Response to Nancy Daukas, Karen Jones

SERRC —  October 1, 2012 — Leave a comment

Author Information: Karen Jones, University of Melbourne,

Jones, Karen. 2012. Reply to Nancy Daukas. Social Epistemology Review and Reply Collective 1 (11): 1-7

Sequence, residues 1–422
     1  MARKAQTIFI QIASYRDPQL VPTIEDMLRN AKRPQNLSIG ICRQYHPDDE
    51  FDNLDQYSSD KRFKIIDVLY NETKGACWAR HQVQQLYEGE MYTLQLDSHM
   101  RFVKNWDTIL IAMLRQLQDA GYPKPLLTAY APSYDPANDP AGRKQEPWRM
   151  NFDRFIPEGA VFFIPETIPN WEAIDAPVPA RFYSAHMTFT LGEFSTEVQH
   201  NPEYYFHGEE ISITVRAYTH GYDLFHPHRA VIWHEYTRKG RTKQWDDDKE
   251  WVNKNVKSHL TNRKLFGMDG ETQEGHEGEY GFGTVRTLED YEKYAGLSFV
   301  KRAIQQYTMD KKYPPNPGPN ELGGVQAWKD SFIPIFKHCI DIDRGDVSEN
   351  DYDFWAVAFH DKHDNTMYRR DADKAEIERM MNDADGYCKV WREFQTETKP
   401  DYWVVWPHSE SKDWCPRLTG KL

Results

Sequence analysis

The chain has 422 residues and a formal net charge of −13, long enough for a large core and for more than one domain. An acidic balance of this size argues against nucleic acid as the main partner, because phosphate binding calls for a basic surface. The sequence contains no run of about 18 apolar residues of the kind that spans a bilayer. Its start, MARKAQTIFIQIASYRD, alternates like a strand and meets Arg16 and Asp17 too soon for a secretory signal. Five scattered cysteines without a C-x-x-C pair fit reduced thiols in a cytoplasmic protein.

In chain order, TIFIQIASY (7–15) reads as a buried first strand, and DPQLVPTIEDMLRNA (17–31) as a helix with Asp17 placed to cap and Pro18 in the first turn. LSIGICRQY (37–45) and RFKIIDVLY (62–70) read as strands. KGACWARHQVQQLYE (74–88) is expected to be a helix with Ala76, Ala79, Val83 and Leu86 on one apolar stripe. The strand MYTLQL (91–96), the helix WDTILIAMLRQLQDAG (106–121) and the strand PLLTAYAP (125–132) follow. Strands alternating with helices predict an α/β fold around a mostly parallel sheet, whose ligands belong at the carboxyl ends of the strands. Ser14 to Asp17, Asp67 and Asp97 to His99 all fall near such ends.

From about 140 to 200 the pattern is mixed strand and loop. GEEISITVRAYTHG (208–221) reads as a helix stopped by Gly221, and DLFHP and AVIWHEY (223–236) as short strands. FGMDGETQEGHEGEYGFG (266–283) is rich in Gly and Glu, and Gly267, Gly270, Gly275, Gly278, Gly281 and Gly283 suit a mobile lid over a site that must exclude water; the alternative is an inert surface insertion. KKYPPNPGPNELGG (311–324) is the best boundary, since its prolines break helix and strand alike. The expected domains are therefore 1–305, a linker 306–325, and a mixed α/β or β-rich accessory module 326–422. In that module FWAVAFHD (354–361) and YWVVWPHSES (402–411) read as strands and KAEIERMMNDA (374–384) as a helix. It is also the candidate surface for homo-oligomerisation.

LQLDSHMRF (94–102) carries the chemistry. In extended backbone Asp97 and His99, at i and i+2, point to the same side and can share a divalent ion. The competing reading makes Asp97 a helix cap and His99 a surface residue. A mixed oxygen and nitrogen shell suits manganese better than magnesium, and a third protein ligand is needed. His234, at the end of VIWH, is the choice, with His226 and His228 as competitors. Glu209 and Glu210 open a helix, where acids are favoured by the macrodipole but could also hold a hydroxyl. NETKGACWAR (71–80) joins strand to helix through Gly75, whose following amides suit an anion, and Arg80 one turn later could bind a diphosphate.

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When I first began to think about the emotions, I thought I knew what belief was. Belief was the easy side of the belief/emotion contrast, something that could be taken as given while doing the hard job of working out what emotions are and the complex ways in which they relate, and sometime fail to relate, to belief. Not surprisingly, things turned out not to be so simple: the more I thought about the emotions, the more I felt my grip on belief weakening. This much I do know for sure: the mind is messier than philosophers’ models tend to acknowledge. According to one such influential model, brought to prominence by Davidson (1963), the contents of the mind divide into two halves according to direction of fit. The belief half is characterized by a mind-to-world direction of fit, so that beliefs tend to go out of existence with awareness that the world is not as the belief represents it to be. The desire half is characterized by the reverse world-to-mind direction of fit, so that desires go tend to go out of existence when the world is judged to be as desired. Together, belief and desire explain action. The desiderative half is taken to include emotions, preferences, and any kind of “pro attitude”, thereby giving us a cognitive/desiderative divide, with emotions being on the non-cognitive side. Thinking seriously about emotions problematizes this classification, for emotions are, in de Sousa’s (1987) apt phrase, “Janus-faced,” simultaneously representing the world as being in a certain way and as to be made to be in a certain way, but at the same time resisting decomposition into beliefs and desires. Emotions belong to a messy territory in between the traditional cognitive and non-cognitive divide and so, too, I argue does trust, whether practical or theoretical and whether trust in oneself or in others.